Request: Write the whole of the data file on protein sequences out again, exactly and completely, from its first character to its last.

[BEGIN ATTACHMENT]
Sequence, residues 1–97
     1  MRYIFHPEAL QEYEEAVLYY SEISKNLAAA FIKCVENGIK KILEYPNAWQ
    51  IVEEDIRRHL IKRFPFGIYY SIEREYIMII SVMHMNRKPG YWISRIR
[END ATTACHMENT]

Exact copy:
Sequence, residues 1–97
     1  MRYIFHPEAL QEYEEAVLYY SEISKNLAAA FIKCVENGIK KILEYPNAWQ
    51  IVEEDIRRHL IKRFPFGIYY SIEREYIMII SVMHMNRKPG YWISRIR